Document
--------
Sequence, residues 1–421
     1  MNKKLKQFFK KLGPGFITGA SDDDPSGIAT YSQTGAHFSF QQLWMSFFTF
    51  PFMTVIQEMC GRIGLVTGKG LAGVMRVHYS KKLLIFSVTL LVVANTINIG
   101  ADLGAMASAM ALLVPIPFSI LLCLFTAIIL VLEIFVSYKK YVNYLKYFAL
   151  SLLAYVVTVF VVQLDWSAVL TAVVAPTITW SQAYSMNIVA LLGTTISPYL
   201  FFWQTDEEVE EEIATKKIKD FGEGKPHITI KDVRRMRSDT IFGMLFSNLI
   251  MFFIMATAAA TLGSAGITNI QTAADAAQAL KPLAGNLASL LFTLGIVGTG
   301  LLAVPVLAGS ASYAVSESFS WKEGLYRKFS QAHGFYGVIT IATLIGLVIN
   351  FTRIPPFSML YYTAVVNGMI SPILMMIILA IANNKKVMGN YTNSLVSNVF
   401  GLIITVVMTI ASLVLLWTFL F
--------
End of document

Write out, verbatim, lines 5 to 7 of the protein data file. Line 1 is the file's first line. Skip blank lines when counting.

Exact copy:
   151  SLLAYVVTVF VVQLDWSAVL TAVVAPTITW SQAYSMNIVA LLGTTISPYL
   201  FFWQTDEEVE EEIATKKIKD FGEGKPHITI KDVRRMRSDT IFGMLFSNLI
   251  MFFIMATAAA TLGSAGITNI QTAADAAQAL KPLAGNLASL LFTLGIVGTG